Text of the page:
"I use different voices every time," he explains.
"Here's my woman's voice."
"But you've a beard."
When his equally idiotic attempt to train crows to carry bombs goes explosively awry, a tone-deaf rapper joins up in his place. The ringleader Omar (Riz Ahmed), married to a NHS nurse with a young son thrilled at the idea of Dad becoming a suicide bomber, is forever mocking his far more religious and pacifist brother, who wants him to implement Sharia law in his family life. The group's sheer incompetence enables them to mingle unnoticed with the marathon runners dressed up in comic animal costumes that hide their explosives. Farce becomes tragedy as the equally incompetent police fire on all the wrong targets.
Can terrorism be funny? Morris is sending up neither Islam nor the victims of jihad atrocities: he's exposing the vicious imbecile nature of fanaticism through lampoon rather than politically self-righteous sound-bites. By humanising terrorism – as Downfall did with Hitler – Morris deglamourises its threat and neutralises the hysteria of fear that has been built up around it and has become its only strength. Now that's what I call a movie.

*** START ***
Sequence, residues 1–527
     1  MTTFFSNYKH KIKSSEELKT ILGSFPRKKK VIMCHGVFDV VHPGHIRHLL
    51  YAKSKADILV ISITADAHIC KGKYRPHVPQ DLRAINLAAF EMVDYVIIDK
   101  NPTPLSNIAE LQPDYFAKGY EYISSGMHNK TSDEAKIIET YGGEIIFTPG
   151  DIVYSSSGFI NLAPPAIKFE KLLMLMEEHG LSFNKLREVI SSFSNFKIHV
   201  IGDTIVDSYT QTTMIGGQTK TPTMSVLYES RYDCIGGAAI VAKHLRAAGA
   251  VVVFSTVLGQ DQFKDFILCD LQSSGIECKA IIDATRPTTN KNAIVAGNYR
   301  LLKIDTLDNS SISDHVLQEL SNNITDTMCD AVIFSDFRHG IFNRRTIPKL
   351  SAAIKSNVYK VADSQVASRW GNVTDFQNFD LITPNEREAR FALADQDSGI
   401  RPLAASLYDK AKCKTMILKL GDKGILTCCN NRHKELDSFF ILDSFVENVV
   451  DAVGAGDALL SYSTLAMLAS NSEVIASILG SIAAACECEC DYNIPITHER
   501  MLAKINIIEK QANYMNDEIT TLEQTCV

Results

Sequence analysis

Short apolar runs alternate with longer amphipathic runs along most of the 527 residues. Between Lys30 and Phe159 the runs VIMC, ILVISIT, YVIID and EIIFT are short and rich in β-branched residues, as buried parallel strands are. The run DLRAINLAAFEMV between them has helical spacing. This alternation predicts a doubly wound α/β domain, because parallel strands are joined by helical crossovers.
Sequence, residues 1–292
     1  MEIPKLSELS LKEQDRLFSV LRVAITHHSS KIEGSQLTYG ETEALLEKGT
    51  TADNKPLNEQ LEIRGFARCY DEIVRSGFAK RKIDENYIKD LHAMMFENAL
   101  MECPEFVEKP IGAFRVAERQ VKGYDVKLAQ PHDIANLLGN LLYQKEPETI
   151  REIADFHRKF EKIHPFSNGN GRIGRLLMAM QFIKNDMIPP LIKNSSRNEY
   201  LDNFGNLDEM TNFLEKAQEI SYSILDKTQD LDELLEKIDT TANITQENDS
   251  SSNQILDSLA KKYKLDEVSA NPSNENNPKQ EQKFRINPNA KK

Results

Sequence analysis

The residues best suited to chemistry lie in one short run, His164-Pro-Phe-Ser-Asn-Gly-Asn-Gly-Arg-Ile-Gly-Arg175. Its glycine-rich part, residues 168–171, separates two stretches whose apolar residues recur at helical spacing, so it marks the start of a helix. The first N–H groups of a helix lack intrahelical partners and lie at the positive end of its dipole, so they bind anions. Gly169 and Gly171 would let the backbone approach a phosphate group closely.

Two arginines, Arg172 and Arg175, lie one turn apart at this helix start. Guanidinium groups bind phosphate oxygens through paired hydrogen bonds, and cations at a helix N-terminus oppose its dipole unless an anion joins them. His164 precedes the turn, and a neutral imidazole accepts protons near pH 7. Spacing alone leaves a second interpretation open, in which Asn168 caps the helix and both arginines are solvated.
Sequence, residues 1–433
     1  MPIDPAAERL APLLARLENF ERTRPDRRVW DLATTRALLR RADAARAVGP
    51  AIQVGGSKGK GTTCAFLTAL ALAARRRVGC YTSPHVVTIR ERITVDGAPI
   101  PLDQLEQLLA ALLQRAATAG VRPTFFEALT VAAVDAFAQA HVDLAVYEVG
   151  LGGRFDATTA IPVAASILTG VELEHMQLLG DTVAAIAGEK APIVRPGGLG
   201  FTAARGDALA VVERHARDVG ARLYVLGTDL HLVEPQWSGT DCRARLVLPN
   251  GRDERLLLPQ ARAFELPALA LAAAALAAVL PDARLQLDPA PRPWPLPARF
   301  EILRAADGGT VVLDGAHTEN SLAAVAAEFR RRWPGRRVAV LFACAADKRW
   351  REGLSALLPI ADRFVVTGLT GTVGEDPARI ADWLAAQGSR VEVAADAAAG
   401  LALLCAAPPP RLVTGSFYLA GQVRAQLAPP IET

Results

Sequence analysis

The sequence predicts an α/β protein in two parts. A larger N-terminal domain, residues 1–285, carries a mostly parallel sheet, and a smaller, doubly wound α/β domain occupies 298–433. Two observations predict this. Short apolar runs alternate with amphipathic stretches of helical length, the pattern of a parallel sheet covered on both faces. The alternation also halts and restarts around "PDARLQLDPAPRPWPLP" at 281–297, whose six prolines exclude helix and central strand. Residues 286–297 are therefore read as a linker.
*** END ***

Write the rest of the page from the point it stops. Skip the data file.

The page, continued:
Some years ago, the exiled Russian poet Joseph Brodsky gave a reading of his work at the Gate Theatre. He spoke in Russian and after each poem Seamus Heaney read an English translation. It's doubtful if anyone in the audience knew any Russian but once or twice when Brodsky stumbled over a phrase he clenched his hand in frustration. The exactness of each of the words obviously mattered immensely to him, partly because he was banned from uttering them in Russia: he was expelled in 1972 after serving 18 months' forced labour as "social parasite" and would die in America in 1996 without ever returning home or seeing his parents again.